Miss Jekyll believed the Delphinium had the "grandest blues of the flower year" and so naturally they have been in the Grand Allee since its beginning. No surprise it was also the plant that Lila Webb was the most proud of. Today, the magnificent Delphinium elatum "Pagan Purples" reach over four feet tall in the blue, white and pink ends of the garden. These New Millenium hybrids are an improvement in many ways to the delphiniums of Lila's day. It is interesting that Gertrude Jekyll used to grow Delphiniums successfully from seed, which many gardeners find quite difficult nowadays as seeds collected from hybrids will not grow true, if at all, and even if seeds are acquired from a proper seed source they have very specific germination needs. In the archives at Shelburne Farms is a note from Lila Webb to her Farm Manager Edward F. Gebhardt that "...pyrethrum (painted daisy) a good thing to take place of Delphinium". I suppose this could also be a reference to replacing the delphiniums after they bloomed with a new bloomer, but it could also be a reference to replacing the rather short-lived perennial. In either case, how nice to care so deeply about your garden and have the means to have it exactly as you please. The Delphinium bloom just after the Siberian Irises "Caesar's Brother" and "Great White Heron" and the Oriental poppies, which include "Goliath" in the hot, middle section and "Helen Elizabeth" among the cool pinks and blues. The Delphinium bloom coincides with the Oriental and Asiastic lilies, which put on a magnificent show of their own.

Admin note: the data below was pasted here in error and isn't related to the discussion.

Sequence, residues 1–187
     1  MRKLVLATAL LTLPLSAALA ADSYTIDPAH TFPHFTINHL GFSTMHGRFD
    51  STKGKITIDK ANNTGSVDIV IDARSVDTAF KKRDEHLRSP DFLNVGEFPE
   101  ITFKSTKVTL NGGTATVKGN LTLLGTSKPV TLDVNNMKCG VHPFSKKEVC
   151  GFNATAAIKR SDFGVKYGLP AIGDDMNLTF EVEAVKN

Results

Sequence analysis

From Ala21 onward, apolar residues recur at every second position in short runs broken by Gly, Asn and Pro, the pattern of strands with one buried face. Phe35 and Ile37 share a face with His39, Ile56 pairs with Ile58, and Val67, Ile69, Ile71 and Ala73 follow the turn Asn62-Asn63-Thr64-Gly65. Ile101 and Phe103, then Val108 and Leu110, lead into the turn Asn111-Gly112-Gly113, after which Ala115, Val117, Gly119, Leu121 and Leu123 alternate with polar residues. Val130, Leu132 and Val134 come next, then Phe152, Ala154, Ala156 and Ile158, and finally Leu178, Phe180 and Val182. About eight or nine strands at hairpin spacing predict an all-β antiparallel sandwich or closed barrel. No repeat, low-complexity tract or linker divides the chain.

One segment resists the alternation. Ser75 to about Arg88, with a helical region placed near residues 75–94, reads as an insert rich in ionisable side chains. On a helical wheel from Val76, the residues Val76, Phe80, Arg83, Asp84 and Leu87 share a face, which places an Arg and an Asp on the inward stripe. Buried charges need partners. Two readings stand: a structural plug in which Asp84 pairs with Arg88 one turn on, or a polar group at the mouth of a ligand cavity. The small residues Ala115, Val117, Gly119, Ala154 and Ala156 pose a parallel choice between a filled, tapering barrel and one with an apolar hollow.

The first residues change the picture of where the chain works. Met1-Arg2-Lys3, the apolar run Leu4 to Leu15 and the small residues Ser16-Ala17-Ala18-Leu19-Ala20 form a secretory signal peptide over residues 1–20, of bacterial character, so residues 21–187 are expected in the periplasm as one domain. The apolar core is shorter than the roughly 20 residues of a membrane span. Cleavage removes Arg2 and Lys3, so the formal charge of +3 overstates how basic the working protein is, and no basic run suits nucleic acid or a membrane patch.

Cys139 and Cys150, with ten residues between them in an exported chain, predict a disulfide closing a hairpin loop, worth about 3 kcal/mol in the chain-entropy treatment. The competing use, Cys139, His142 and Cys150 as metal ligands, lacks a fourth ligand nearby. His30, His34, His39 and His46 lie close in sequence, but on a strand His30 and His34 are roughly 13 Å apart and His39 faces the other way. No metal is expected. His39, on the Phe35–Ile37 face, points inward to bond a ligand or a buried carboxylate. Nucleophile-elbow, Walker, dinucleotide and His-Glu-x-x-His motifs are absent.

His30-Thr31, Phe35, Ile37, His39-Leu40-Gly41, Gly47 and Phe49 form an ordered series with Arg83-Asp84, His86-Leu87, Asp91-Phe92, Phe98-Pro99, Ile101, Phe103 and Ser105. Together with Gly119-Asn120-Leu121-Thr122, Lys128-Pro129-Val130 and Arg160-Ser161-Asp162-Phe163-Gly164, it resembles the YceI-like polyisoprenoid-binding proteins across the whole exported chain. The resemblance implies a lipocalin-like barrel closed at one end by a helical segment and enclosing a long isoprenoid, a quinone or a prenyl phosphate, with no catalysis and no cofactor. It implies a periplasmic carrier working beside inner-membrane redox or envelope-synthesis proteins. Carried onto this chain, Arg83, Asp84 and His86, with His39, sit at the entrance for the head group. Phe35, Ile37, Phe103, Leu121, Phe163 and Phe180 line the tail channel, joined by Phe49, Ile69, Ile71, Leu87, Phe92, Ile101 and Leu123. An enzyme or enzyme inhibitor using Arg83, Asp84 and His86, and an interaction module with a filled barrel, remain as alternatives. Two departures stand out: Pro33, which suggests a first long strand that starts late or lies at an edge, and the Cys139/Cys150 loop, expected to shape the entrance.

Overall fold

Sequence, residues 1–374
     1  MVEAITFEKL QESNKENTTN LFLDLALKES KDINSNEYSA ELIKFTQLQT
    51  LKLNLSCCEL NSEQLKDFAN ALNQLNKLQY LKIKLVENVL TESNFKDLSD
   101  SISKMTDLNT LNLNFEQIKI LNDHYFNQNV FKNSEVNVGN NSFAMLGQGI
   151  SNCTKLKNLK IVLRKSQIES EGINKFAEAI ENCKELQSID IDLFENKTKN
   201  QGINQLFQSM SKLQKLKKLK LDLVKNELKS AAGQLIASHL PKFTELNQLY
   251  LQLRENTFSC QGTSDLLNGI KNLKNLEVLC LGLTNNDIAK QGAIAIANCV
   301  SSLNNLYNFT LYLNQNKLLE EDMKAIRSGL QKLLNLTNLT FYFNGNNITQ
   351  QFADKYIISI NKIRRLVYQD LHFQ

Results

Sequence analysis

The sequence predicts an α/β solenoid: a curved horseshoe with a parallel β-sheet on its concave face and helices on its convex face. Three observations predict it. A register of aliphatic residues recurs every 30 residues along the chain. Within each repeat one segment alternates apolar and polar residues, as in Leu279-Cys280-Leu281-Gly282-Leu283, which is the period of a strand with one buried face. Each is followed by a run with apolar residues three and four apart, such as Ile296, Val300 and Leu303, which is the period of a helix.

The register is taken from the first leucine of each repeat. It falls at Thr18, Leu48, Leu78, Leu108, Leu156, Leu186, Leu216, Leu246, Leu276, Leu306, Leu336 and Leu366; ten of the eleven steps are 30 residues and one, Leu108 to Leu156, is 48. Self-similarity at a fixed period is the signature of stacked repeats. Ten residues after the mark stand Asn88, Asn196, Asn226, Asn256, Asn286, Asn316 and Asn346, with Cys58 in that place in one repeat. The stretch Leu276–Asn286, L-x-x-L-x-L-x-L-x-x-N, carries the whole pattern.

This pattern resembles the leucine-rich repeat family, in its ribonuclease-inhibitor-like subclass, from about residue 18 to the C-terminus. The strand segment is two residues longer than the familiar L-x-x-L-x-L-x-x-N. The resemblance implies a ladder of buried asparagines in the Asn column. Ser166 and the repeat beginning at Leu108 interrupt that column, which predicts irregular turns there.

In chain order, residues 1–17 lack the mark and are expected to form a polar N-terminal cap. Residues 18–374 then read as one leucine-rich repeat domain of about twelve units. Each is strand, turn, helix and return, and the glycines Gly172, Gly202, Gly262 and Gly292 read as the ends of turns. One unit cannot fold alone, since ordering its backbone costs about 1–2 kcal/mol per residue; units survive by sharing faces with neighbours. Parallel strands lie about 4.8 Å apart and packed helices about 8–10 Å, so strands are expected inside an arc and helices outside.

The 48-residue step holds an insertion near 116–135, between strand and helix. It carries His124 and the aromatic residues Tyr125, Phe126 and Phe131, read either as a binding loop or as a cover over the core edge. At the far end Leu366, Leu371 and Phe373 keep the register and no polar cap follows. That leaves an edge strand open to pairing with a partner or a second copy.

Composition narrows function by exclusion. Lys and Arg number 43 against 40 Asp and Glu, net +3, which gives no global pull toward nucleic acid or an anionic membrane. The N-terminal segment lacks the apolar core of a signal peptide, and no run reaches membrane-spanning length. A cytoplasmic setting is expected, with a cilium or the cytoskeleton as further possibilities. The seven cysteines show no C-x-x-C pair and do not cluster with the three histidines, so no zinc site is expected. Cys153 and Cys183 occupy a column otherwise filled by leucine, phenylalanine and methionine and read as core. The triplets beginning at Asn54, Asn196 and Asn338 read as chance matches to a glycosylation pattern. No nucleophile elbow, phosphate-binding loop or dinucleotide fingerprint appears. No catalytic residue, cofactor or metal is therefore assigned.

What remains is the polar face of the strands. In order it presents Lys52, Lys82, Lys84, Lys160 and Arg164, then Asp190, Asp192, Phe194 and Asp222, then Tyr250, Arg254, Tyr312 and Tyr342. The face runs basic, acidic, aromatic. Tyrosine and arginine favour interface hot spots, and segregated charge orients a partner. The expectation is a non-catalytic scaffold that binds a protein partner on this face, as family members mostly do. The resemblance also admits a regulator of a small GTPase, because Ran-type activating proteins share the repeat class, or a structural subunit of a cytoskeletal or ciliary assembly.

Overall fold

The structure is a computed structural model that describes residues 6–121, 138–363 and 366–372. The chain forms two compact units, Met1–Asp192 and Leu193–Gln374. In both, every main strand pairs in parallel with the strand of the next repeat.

On July 23, 1926, Lila Webb noted in her diary that "more than 350 people came to see the garden this afternoon in response to our invitation issued through the newspaper. It looks very well. The lilies are superb." The lilies look just as superb today. The Asiatic lilies in the hot color range include the Gran Cru which is an intense yellow with red centers and Cancun, which is a more exotic looking deep yellow with reddish-orange tips. A standout in the cool section is the Oriental Lilium Casa Blanca, which many gardeners feel is the finest white lily ever. It can reach four feet in height, has huge, glowing white flowers borne in multiples on sturdy stems and an intense fragrance. Being a modern lily, it was not in Lila's garden but certainly other white lilies were.